June 20, 2024

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Musician Tuffus Zimbabwe mines Charleston history to aid Jenkins Institute: Video

The Jenkins Institute for Children, founded by the Rev. Daniel Joseph Jenkins in 1891 in downtown Charleston, sheltered African-American children who soon learned to play music very well indeed.

American jazz, in part, can be traced to the Jenkins Orphanage Band of the early 20th century. The young players were so good, they performed local gigs and soon toured, raising money that helped fund the children’s home.

Jenkins’ reputation as a teacher and mentor traveled far, and during the early part of the jazz era, musicians who were not orphans came to the orphanage to learn their craft. Some, including Charleston residents Freddie Green and William “Cat” Anderson, went on to become important leaders in famous bands such as the Count Basie Band and Duke Ellington Orchestra.

It’s this heritage that current administrators will celebrate when they hold two benefit concerts, one at 7 p.m. Thursday, June 7, at the Charleston Library Society, 164 King St., and one at 5 p.m. Sunday, June 10, at the International Longshoremen’s Association, 1142 Morrison Dr.

The concerts will include an unusual guest musician, someone whose interest in the Jenkins Orphanage is familial.

Tuffus Zimbabwe, great-grandson of the Rev. Daniel Jenkins and keyboard player in the Saturday Night Live Band, will join Charleston drummer Quentin Baxter and Charleston Mayor John Tecklenburg for a set of tunes that pay tribute to the origins of American jazz and the power of music in the lives of young people.

Zimbabwe will perform music by Charleston composer Edmund Thornton Jenkins, the seventh son of Daniel Jenkins.

“Edmund has a lot of great music; it’s fun and challenging to learn it,” Zimbabwe said. “And for this show I want to show the transition of the music, from the roaring ’20s to my music, so people can get to know me as well.”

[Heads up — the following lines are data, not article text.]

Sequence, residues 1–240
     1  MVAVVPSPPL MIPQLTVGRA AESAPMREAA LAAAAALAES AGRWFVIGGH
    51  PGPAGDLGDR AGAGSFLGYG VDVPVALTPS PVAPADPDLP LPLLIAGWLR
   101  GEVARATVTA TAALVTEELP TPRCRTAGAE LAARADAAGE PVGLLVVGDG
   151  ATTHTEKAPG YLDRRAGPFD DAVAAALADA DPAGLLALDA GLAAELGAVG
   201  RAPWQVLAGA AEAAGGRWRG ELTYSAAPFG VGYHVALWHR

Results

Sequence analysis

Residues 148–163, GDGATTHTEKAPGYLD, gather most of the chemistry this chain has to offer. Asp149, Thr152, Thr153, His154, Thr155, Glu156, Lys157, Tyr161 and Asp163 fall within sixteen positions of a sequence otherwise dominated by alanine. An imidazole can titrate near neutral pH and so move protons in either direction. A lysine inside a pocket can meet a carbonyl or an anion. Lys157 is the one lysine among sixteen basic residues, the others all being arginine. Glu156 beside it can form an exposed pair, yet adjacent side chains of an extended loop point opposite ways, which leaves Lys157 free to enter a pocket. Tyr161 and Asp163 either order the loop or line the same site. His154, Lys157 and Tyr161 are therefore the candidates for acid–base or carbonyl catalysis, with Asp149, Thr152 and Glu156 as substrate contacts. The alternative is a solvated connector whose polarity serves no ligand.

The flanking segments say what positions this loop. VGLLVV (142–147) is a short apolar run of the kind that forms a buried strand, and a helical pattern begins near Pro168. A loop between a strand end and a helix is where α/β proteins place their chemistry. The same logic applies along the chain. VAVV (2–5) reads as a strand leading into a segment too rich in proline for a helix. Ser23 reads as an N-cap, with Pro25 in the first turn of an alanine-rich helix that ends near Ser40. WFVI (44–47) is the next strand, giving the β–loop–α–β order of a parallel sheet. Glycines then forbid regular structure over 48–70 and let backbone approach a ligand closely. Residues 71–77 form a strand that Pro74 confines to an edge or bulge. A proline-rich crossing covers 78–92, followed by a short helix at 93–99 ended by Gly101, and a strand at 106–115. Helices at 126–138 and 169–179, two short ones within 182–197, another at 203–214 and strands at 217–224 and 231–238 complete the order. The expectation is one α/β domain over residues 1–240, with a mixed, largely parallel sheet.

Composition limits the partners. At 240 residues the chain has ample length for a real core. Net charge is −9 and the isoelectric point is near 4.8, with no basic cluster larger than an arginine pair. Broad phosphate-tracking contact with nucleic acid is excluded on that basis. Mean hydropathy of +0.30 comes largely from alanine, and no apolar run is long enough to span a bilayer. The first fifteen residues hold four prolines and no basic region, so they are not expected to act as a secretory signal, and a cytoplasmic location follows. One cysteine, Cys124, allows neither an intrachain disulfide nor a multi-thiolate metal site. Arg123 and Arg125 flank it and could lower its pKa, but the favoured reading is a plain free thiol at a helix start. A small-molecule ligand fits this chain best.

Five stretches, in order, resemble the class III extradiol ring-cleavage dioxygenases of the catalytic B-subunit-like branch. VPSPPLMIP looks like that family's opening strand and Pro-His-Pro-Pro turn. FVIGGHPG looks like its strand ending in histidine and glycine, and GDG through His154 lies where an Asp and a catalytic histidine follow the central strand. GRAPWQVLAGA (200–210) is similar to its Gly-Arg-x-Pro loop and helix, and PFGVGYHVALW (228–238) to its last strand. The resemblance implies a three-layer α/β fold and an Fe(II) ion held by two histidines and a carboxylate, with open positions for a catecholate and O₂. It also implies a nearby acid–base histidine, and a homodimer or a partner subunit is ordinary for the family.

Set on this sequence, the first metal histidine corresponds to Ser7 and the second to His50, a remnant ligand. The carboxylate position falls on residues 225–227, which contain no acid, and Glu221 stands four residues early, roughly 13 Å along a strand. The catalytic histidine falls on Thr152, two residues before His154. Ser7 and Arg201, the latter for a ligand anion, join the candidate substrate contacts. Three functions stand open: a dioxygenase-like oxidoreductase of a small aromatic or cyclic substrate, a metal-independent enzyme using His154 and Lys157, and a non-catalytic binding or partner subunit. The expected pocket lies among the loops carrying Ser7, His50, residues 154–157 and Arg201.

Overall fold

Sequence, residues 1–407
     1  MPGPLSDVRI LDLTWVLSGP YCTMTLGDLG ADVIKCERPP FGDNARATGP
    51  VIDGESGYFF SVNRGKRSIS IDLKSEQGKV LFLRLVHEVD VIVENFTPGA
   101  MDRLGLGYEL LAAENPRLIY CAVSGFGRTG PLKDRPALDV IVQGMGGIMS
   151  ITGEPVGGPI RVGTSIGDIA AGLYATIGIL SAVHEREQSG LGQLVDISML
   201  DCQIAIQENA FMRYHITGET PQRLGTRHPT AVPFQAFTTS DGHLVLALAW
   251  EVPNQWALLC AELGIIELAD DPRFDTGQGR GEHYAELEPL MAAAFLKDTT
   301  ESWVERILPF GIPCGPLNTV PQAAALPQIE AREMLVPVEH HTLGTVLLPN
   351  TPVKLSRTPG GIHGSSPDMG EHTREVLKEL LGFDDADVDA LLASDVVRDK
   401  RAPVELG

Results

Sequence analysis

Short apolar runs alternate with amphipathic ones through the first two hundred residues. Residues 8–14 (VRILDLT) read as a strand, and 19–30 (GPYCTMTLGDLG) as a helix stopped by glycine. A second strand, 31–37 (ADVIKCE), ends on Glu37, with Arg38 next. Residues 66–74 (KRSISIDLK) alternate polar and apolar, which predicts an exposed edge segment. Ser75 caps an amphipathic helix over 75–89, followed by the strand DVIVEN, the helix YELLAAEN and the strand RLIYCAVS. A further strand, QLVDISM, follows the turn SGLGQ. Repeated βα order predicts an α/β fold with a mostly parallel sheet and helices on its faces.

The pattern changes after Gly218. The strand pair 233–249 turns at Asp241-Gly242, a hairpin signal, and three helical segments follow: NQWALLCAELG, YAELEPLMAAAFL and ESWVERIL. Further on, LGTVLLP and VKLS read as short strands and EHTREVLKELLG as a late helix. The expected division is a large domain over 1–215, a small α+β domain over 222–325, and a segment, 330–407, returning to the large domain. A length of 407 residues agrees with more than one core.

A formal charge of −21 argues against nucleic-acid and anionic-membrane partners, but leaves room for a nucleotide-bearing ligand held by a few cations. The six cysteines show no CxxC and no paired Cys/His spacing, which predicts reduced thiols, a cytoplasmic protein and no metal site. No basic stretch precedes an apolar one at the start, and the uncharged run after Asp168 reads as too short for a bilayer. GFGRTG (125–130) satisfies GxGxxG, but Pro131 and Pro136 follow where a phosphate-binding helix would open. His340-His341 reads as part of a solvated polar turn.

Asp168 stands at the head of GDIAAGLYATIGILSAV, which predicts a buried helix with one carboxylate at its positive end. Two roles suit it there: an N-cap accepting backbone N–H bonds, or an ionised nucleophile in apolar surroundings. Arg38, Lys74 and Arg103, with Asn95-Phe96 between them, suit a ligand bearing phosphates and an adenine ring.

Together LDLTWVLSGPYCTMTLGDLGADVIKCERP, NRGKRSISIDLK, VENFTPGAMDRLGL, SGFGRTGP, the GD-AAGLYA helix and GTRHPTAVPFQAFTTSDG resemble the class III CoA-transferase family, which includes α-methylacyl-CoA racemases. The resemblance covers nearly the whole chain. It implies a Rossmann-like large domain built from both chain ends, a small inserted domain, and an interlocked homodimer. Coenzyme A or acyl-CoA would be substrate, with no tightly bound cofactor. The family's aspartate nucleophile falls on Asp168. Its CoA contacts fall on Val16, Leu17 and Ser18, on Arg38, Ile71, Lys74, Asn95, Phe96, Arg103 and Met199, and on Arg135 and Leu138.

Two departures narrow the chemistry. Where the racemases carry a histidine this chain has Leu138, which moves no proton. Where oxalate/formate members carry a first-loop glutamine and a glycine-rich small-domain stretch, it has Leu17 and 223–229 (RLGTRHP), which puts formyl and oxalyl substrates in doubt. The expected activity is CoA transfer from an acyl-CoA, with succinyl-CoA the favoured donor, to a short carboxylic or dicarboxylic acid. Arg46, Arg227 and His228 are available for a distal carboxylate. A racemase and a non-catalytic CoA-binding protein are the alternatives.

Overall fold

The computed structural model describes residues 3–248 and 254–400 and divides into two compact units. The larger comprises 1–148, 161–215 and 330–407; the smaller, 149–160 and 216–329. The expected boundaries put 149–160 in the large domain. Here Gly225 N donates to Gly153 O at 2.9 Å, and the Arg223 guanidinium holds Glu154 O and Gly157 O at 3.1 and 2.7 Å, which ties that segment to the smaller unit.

Zimbabwe, 35, learned about his great-grandfather’s musical legacy when he was a child, but he did not appreciate the magnitude of Jenkins’ contributions to jazz until he visited Charleston as a teenager.

“It didn’t set in until I came to Charleston and saw how people were very proud of Jenkins and what he has done,” Zimbabwe said. “My dad always told me about my great-grandfather, but it’s when you experience it in person (that) you realize it.”

To carry on the family tradition, Zimbabwe edits and arranges unpublished music by Edmund Thornton Jenkins.

Johanna Martin-Carrington, chairwoman of the Jenkins Institute advisory board, said she thinks Zimbabwe’s work will inspire children to become involved in music.

“Tuffus found a lot of Edmund Jenkins music that has never been played, and with his performance, it will bring the music back to the city where it all started,” Martin-Carrington said.

With funds raised from the benefit concerts, the Jenkins Institute hopes to build a cultural center where children can learn about the music that first took root at the old Jenkins Orphanage, according to Martin-Carrington. The institute also is working to provide an on-campus genealogy center for families to discover direct connections to the orphanage.

The music of the historic Jenkins Orphanage Band lives on in many Charlestonians, including local musicians such as Quentin Baxter, who credit their elders for teaching them that Lowcountry swing.

“This is potentially the first generation of musicians who did not have to move away from home to hone in on their craft,” Baxter said, citing the vitality of the local scene. “And thanks to pioneers like Lonnie Hamilton III and Oscar Rivers Jr., I learned so much, especially how to listen to the music and play the music.”

Jenkins Orphanage 1928 group shot

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